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Predators (20th Century Fox, R)

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The situation is not as bad as it could be: they all speak English, have an ample supply of high-powered weapons and ammunition, and the jungle is located on a planet apparently devoid of biting insects.

Back in 2005, A.O. Scott, reviewing Nimrod Antal’s Kontroll for the New York Times, said that the director’s first feature showed that his future might lie in making action movies. With Predators that future has arrived: it has everything you could want in a summer action movie including, of course, lots of action.

The premise is that a cast of commandos, cons and crazies are dropped by parachute into a jungle. They don’t know where they are or why they are there and they start by fighting each other but quickly realize their chances of survival are better if they work together. The situation is not as bad as it could be: they all speak English, have an ample supply of high-powered weapons and ammunition, and the jungle is located on a planet apparently devoid of biting insects. A bit of scouting turns up some of grisly specimens and before long they figure out that they’re there to be hunted for sport by the Predators (yes, their number has increased since 1987). Or as Royce (a very buff Adrien Brody) puts it “This is a game preserve and we’re the game.”

In this type of movie you expect every character to be a type and the screenplay by Alex Litvak and Michael Finch does not disappoint. Royce is a mercenary who quotes Hemingway (“There is no hunting like the hunting of a man”) and becomes the de facto leader of the multi-culti crew. Isabella (Alice Braga) is an Israeli sniper haunted by guilt over the death of her spotter and in the interests of fan service wears a uniform designed to reveal an improbable amount of cleavage. Edwin (Topher Grace) is a nerdy physician who serves as the audience representative among all the bad-ass guys and gals.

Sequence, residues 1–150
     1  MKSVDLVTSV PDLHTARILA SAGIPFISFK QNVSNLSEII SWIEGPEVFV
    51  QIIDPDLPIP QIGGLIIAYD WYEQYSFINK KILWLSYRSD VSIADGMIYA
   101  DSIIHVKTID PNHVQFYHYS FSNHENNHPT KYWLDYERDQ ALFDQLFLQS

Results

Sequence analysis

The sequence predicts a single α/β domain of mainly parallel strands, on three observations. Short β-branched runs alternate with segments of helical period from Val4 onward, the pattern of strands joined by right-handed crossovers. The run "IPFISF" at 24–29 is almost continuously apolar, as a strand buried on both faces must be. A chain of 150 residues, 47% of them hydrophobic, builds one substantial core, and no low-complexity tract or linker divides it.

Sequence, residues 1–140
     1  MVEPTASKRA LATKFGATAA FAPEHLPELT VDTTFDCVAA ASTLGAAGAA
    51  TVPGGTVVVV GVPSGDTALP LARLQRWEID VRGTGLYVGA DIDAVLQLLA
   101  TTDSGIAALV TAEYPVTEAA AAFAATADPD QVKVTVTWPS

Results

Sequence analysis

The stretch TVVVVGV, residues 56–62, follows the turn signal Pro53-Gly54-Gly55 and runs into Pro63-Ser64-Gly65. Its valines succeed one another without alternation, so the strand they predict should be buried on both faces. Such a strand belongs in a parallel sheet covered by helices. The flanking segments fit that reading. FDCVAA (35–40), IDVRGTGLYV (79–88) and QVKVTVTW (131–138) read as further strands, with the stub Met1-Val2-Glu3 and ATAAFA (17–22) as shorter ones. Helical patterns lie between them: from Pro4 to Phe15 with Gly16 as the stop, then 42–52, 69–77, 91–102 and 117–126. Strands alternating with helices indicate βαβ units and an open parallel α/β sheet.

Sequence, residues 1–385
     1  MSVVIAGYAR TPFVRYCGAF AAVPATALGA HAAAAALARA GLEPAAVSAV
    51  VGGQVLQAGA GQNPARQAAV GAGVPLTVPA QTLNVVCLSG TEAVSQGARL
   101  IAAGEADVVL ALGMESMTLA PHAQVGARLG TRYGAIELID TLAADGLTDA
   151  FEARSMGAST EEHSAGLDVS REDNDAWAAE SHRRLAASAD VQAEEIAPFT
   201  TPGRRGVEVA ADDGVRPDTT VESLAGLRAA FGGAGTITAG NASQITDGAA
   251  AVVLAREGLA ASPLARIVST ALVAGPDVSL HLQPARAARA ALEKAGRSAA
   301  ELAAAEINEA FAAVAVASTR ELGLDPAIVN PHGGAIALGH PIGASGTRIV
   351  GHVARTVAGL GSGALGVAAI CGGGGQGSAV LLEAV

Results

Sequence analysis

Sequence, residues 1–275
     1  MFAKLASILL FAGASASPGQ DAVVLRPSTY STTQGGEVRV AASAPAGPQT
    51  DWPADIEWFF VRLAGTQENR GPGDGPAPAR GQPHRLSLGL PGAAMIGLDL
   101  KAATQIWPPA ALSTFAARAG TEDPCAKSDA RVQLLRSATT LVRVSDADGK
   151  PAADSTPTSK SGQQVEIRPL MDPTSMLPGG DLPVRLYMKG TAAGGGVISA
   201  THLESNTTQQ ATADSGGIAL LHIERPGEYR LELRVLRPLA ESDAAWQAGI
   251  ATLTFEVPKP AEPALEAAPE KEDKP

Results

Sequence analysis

Rounding out the crew are Cuchillo (Danny Trejo), formerly an enforcer for a Mexican drug cartel; Stans (a perversely hilarious Walton Goggins), a mass murderer three days from his execution date; Mombasa (Mahershalalhashbaz Ali) an RUF death squad member; Nikolai (Oleg Taktarov) from the Russian Special Forces (his last memory is of Chechnya) and Hanzo (Louis Ozawa Changchien) of the Yakuza—with the tattoos to prove it.

Antal is better with surprise than with suspense and as long as there’s lots of action going on the film is good, old-fashioned Saturday afternoon fun with lots of visual inventiveness regularly punctuated with good scares. Cinematography by Gyula Pados and special effects are first-rate, and the music by John Debney enhances the atmosphere and action sequences.

 Predators sags about an hour in when the crew happens upon Noland (Laurence Fishburne) who supplies a lot of backstory while seeming to be channeling Marlon Brando’s Kurtz (not entirely inappropriate in the context and also something of an inside joke, as one of Fishburne’s early movie roles was as Tyrone ‘Clean’ Miller in Apocalypse Now). But not to worry, things pick up again quickly and this film keeps surprising you on the way to a satisfying conclusion which also leaves the way open for Predator 3. | Sarah Boslaugh

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